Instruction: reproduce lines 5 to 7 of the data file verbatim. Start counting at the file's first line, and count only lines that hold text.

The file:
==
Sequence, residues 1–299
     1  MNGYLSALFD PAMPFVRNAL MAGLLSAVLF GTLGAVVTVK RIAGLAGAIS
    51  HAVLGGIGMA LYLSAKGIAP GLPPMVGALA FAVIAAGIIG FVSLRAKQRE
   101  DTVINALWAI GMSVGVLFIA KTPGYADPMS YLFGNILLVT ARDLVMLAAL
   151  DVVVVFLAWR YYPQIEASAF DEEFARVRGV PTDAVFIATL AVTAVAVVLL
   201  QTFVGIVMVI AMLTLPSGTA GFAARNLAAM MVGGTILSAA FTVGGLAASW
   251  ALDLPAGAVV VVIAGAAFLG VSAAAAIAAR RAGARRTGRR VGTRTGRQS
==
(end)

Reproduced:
   151  DVVVVFLAWR YYPQIEASAF DEEFARVRGV PTDAVFIATL AVTAVAVVLL
   201  QTFVGIVMVI AMLTLPSGTA GFAARNLAAM MVGGTILSAA FTVGGLAASW
   251  ALDLPAGAVV VVIAGAAFLG VSAAAAIAAR RAGARRTGRR VGTRTGRQS